Data from: The timing of molecular and morphological changes underlying reproductive transitions in wild tomatoes (Solanum sect. Lycopersicon)
Vosters, Stacey L. et al. (2014), Data from: The timing of molecular and morphological changes underlying reproductive transitions in wild tomatoes (Solanum sect. Lycopersicon), Dryad, Dataset, https://doi.org/10.5061/dryad.9540r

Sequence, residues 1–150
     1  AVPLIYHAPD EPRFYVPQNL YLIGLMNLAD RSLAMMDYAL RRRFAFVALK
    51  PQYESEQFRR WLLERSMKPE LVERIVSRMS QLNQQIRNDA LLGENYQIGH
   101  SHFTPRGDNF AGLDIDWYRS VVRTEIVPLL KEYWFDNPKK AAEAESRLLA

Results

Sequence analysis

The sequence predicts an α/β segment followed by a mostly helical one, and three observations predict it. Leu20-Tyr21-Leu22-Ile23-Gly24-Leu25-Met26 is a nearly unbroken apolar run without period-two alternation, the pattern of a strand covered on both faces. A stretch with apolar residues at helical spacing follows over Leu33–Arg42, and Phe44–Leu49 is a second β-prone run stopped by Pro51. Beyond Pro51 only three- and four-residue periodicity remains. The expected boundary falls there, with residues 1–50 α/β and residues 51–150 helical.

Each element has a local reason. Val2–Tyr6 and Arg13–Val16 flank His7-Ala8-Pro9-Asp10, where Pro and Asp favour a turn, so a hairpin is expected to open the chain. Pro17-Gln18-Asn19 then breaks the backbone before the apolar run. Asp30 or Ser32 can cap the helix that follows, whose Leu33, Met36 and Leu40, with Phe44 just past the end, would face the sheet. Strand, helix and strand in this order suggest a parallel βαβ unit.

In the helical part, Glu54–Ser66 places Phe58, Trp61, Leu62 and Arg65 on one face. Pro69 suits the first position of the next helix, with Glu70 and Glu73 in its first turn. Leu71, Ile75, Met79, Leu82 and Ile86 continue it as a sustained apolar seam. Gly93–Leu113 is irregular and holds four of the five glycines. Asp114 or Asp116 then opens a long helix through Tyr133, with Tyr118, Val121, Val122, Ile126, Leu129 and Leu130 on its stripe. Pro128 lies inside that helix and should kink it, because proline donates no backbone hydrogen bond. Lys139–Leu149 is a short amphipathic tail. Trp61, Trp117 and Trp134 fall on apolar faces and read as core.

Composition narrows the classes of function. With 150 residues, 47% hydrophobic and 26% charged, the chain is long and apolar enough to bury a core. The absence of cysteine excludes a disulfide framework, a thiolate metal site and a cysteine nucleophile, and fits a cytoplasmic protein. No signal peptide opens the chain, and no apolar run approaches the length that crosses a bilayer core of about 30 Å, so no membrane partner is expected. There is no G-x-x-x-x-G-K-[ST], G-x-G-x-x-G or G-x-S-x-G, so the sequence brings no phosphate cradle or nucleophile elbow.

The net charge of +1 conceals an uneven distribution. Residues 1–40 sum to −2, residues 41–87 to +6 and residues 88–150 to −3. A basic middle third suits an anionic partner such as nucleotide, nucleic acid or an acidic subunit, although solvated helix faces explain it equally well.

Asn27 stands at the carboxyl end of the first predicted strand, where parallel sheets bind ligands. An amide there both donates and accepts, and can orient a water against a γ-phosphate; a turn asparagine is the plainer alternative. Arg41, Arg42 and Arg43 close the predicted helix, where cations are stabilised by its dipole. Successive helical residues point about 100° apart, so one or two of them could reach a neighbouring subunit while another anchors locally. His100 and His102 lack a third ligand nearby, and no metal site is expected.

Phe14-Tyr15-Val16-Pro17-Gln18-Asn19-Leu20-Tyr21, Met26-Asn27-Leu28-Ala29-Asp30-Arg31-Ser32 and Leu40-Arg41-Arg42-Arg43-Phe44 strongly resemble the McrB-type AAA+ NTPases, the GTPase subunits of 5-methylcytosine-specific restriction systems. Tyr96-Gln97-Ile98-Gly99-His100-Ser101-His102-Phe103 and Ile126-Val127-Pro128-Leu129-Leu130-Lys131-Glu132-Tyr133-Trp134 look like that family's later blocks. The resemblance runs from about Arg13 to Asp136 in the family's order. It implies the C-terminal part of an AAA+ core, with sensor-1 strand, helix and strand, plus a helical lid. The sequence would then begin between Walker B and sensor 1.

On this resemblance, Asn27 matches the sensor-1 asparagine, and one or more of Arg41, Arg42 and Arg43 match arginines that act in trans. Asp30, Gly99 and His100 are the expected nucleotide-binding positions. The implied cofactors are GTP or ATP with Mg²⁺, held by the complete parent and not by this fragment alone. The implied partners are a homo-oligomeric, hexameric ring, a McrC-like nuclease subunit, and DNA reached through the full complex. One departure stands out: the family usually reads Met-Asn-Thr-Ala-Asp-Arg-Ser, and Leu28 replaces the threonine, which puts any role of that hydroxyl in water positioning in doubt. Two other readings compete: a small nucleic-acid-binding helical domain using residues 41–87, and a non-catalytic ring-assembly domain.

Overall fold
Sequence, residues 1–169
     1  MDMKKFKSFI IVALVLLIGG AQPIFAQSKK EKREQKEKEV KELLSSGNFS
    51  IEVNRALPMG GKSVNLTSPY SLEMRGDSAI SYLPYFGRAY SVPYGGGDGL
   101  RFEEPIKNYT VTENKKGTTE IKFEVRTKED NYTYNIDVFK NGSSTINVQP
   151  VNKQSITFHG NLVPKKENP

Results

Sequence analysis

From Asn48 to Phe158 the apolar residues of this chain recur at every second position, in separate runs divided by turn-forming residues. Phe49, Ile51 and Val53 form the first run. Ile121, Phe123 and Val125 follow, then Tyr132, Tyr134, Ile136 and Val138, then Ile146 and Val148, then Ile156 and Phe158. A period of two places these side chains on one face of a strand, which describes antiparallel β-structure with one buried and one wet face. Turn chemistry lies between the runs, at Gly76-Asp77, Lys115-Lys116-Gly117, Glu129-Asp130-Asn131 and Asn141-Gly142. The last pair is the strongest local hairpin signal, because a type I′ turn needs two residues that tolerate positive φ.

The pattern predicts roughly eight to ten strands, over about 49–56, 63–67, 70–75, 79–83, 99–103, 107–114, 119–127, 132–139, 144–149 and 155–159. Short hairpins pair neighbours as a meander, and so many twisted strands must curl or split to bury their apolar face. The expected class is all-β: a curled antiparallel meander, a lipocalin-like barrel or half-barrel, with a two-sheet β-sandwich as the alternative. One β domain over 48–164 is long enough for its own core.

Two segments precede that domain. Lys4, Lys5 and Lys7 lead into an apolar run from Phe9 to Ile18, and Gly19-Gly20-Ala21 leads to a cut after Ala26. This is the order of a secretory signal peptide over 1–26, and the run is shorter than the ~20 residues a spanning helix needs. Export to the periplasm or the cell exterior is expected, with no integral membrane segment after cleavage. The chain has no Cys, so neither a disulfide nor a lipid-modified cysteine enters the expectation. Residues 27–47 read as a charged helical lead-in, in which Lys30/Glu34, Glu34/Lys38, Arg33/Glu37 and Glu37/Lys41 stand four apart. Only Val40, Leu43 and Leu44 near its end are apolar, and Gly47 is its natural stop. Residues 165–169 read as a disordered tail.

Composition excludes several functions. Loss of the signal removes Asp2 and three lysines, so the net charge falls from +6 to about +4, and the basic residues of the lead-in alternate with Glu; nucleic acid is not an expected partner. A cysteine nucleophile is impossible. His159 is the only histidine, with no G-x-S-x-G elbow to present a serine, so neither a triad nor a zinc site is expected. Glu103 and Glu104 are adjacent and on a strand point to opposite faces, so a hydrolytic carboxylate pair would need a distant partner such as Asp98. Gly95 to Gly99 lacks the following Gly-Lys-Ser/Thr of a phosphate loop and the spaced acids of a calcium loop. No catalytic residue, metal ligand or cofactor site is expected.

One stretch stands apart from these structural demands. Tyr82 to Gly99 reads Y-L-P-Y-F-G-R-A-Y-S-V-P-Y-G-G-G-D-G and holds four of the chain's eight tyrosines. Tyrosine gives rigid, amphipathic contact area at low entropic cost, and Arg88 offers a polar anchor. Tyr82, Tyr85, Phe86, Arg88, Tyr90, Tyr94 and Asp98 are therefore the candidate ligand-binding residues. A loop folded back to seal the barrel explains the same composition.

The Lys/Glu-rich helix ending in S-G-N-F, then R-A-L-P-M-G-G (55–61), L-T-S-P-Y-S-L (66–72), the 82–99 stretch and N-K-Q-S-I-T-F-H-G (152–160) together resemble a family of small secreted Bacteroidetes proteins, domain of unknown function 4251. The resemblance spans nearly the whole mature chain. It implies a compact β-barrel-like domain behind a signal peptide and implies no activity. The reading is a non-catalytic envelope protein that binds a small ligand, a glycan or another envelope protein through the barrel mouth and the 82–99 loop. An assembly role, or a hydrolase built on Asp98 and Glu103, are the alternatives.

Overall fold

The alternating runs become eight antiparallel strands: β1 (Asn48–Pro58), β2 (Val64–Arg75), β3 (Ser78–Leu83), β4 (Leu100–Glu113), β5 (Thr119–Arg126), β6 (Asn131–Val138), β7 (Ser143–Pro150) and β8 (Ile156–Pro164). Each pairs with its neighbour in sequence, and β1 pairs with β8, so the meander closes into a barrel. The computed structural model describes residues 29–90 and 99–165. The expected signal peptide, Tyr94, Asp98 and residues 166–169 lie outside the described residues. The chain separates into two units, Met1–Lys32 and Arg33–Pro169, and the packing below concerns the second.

Molecular mechanisms underlying the transition from genetic self-incompatibility to self-compatibility are well documented, but the evolution of other reproductive trait changes that accompany shifts in reproductive strategy (mating system) remain comparatively poorly understood. A notable exception is the transition from exserted styles to styles with recessed positions relative to the anthers in wild tomatoes (Solanum Section Lycopersicon). This phenotypic change has been previously attributed to specific mutation in the promoter of a gene that influences style length (style2.1); however, whether this specific regulatory mutation arose concurrently with the transition from long- to short-styles, and whether it is causally responsible for this phenotypic transition, has been poorly investigated across this group. To address this gap, we assessed 74 accessions (populations) from 13 species for quantitative genetic variation in floral and reproductive traits as well as the presence/absence of deletions at two different locations (StyleD1, StyleD2) within the regulatory region upstream of style2.1. We confirmed that the putatively causal deletion variant (a 450bp deletion at StyleD1) arose within self-compatible lineages. However the variation and history of both StyleD1 and StyleD2 was more complex than previously inferred. In particular, although StyleD1 was statistically associated with differences in style length and stigma exsertion across all species, we found no evidence for this association within two species polymorphic for the StyleD1 mutation. We conclude that the previous association detected between phenotypic and molecular differences is most likely due to a phylogenetic association rather than a causal mechanistic relationship. Phenotypic variation in style length must therefore be due to other unexamined linked variants in the style2.1 regulatory region.